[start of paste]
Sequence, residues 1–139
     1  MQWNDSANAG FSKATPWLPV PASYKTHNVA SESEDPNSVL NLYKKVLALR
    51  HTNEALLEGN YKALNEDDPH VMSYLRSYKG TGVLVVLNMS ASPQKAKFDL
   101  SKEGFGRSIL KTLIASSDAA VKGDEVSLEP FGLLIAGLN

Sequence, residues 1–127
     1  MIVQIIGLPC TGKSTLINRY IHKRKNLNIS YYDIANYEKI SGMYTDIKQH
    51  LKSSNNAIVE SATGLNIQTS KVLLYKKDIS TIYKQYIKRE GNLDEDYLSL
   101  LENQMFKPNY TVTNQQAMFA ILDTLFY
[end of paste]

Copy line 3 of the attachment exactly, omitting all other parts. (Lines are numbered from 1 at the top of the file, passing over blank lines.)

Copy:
    51  HTNEALLEGN YKALNEDDPH VMSYLRSYKG TGVLVVLNMS ASPQKAKFDL